Carissa’s Bread in East Hampton is another haunt. The bakery uses locally grown and milled wheat, and Lee declares its loaves possibly the best bread she has ever tasted. She also routinely visits Amagansett Sea Salt Co., which harvests flavorful sea salt right here in the Hamptons; Mecox Bay Dairy, for cheese; North Sea Farms, for chicken; and Clamman, for fish. Her newest find is Peconic Prime Meats, for homemade sausage in a variety of flavors (her favorites are curry and Thai chicken). “Everything they do is spot-on,” she says.
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Convinced that this area has the ultimate “beach bites,” Lee is disappointed to report that we won’t be seeing any of these local delicacies on the show this season. But she hopes Beach Bites will see a Season 3, in which she can visit Sag Harbor for Grindstone doughnuts and Dock House fried clams, stop in at Clam Bar and The Lobster Roll in Amagansett, and head to Bostwick’s Chowder House in East Hampton.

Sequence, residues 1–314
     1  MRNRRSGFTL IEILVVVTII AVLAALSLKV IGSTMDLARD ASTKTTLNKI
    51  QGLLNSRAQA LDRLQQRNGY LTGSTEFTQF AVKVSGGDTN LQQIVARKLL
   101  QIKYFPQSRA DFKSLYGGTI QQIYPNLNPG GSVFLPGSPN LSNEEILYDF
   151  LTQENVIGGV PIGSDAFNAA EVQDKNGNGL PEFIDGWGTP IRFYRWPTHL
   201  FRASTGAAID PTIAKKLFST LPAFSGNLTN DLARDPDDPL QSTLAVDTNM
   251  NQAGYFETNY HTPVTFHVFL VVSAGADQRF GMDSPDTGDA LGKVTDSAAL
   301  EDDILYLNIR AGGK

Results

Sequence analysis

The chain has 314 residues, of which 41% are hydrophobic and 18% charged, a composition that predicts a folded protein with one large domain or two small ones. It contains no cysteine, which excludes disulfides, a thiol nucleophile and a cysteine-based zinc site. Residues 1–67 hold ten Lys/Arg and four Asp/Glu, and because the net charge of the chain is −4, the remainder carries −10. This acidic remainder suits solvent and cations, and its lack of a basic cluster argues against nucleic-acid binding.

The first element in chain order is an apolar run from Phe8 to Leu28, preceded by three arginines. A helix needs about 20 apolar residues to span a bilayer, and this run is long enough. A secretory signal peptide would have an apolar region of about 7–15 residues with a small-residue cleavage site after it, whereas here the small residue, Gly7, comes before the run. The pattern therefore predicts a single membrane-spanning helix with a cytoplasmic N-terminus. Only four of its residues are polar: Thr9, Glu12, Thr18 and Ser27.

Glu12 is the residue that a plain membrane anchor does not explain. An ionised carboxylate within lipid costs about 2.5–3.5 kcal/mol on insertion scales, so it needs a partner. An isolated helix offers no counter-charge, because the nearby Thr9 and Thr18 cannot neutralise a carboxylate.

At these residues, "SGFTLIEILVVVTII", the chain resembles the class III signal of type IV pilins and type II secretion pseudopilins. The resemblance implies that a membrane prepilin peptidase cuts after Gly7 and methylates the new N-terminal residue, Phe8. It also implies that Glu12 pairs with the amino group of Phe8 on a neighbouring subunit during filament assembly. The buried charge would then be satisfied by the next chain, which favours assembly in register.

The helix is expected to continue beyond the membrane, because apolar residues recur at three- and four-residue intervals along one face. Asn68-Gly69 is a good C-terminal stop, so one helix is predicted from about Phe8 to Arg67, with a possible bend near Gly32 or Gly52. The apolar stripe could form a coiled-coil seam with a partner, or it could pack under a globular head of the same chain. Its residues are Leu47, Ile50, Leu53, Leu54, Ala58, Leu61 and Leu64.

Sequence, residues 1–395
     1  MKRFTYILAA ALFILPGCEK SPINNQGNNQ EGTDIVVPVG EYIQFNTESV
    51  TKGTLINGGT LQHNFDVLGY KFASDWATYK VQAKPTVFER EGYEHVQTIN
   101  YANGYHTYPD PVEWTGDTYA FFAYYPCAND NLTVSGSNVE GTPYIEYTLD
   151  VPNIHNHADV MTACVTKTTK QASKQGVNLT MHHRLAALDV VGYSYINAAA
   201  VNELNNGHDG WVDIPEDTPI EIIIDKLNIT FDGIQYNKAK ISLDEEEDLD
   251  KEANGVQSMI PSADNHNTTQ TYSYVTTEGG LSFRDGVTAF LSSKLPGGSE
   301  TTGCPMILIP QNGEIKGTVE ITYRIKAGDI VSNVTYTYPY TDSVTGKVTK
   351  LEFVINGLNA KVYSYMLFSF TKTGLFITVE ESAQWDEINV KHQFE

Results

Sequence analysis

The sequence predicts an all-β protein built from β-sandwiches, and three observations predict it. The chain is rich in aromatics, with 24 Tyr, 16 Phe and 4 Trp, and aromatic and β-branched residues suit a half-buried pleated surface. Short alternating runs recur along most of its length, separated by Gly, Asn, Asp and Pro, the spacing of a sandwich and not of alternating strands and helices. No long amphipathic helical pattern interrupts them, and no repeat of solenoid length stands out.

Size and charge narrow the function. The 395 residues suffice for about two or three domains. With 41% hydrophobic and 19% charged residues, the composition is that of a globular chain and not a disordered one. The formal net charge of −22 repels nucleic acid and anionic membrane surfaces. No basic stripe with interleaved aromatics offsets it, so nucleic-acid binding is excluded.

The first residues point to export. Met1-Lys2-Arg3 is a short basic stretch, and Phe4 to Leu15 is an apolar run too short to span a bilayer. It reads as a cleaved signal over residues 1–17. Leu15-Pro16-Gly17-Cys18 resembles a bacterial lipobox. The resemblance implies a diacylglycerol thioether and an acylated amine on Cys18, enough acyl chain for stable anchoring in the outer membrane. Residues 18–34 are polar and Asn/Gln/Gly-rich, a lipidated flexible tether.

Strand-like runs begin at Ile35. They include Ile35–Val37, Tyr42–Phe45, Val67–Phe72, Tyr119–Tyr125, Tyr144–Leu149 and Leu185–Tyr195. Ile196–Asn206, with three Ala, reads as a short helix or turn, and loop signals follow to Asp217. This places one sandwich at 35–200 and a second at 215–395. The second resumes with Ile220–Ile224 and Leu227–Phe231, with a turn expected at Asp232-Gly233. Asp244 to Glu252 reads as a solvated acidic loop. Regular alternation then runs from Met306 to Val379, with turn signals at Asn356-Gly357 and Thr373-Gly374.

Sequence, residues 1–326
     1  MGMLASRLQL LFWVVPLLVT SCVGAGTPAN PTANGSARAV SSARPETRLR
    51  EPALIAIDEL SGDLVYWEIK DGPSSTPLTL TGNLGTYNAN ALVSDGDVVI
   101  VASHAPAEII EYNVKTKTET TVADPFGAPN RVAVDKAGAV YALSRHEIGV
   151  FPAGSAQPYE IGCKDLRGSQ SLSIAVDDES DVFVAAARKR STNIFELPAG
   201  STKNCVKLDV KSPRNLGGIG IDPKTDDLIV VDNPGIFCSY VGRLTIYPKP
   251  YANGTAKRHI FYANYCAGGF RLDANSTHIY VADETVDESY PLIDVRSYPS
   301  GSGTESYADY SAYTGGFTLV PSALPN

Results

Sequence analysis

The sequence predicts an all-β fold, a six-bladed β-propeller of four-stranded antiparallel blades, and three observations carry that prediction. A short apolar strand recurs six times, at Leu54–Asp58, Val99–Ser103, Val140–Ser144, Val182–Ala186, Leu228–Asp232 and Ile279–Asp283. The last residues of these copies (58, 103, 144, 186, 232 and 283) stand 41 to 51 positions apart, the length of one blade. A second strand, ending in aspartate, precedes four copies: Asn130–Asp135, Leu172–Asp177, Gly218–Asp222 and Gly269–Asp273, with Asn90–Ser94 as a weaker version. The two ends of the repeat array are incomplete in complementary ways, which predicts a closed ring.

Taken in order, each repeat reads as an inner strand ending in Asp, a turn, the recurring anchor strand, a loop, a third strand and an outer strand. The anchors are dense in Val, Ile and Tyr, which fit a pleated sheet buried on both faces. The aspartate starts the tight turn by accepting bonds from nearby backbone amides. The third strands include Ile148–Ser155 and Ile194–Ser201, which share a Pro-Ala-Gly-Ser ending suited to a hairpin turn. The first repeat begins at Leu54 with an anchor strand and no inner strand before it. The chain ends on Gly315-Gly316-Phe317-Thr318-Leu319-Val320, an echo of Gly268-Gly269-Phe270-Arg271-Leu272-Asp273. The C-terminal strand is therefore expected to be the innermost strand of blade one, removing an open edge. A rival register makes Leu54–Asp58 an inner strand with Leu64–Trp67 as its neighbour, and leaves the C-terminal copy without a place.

She also knows that to visit these places is a luxury. Lee recently joined the board of directors of the Food Bank for New York City and explains that one in five New Yorkers is foodinsecure. The current face of hunger even includes workingclass families, and the numbers are quickly rising. Lee was astonished to learn that many women turn to the Food Bank as their only source of feminine hygiene products. It’s the most challenging donation for the organization to obtain, and Lee fervently supports its work.
Since her first cookbook, The Comfort Table, was published in 2008, Lee feels she has evolved both professionally and personally. Back then, she was focused on “the three C’s—comfortable, casual, and with a touch of couture.” Now, having clearly come into her own, she really is all about being relaxed. “I just like to have fun,” she says, “and I want my guests at home or viewers on TV to feel the same way.”
photography by MELANIE ACEVEDO. Styling by Claudia Talamas. Hair by Bryce Scarlett using Moroccanoil at The Wall Group. Makeup by Quinn Murphy at The Wall Group